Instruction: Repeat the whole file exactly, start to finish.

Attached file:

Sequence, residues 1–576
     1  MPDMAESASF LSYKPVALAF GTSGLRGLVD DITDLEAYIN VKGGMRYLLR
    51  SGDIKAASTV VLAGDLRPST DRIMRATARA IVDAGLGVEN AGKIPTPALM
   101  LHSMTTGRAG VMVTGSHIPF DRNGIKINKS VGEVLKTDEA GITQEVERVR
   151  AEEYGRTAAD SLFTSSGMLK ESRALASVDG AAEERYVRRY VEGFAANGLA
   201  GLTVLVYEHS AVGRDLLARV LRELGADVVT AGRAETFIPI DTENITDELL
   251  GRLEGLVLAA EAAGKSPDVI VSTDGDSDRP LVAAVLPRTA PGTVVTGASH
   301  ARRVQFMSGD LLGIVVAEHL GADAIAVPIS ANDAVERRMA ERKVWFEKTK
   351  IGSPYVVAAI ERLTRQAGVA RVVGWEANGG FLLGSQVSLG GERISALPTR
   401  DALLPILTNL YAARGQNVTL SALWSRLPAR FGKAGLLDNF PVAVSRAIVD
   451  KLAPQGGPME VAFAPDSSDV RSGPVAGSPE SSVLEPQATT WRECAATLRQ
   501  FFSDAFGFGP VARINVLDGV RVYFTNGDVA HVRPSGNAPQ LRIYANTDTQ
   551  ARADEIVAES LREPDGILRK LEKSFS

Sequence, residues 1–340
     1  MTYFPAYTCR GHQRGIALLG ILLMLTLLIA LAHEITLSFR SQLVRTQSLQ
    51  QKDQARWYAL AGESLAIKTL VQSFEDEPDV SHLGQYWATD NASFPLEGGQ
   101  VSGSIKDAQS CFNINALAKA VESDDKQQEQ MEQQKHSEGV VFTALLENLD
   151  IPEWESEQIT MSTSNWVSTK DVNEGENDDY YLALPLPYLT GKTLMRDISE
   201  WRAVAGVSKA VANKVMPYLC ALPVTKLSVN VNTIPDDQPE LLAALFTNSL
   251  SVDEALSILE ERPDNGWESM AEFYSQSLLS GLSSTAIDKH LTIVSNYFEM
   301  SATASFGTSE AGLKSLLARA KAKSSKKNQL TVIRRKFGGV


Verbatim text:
Sequence, residues 1–576
     1  MPDMAESASF LSYKPVALAF GTSGLRGLVD DITDLEAYIN VKGGMRYLLR
    51  SGDIKAASTV VLAGDLRPST DRIMRATARA IVDAGLGVEN AGKIPTPALM
   101  LHSMTTGRAG VMVTGSHIPF DRNGIKINKS VGEVLKTDEA GITQEVERVR
   151  AEEYGRTAAD SLFTSSGMLK ESRALASVDG AAEERYVRRY VEGFAANGLA
   201  GLTVLVYEHS AVGRDLLARV LRELGADVVT AGRAETFIPI DTENITDELL
   251  GRLEGLVLAA EAAGKSPDVI VSTDGDSDRP LVAAVLPRTA PGTVVTGASH
   301  ARRVQFMSGD LLGIVVAEHL GADAIAVPIS ANDAVERRMA ERKVWFEKTK
   351  IGSPYVVAAI ERLTRQAGVA RVVGWEANGG FLLGSQVSLG GERISALPTR
   401  DALLPILTNL YAARGQNVTL SALWSRLPAR FGKAGLLDNF PVAVSRAIVD
   451  KLAPQGGPME VAFAPDSSDV RSGPVAGSPE SSVLEPQATT WRECAATLRQ
   501  FFSDAFGFGP VARINVLDGV RVYFTNGDVA HVRPSGNAPQ LRIYANTDTQ
   551  ARADEIVAES LREPDGILRK LEKSFS

Sequence, residues 1–340
     1  MTYFPAYTCR GHQRGIALLG ILLMLTLLIA LAHEITLSFR SQLVRTQSLQ
    51  QKDQARWYAL AGESLAIKTL VQSFEDEPDV SHLGQYWATD NASFPLEGGQ
   101  VSGSIKDAQS CFNINALAKA VESDDKQQEQ MEQQKHSEGV VFTALLENLD
   151  IPEWESEQIT MSTSNWVSTK DVNEGENDDY YLALPLPYLT GKTLMRDISE
   201  WRAVAGVSKA VANKVMPYLC ALPVTKLSVN VNTIPDDQPE LLAALFTNSL
   251  SVDEALSILE ERPDNGWESM AEFYSQSLLS GLSSTAIDKH LTIVSNYFEM
   301  SATASFGTSE AGLKSLLARA KAKSSKKNQL TVIRRKFGGV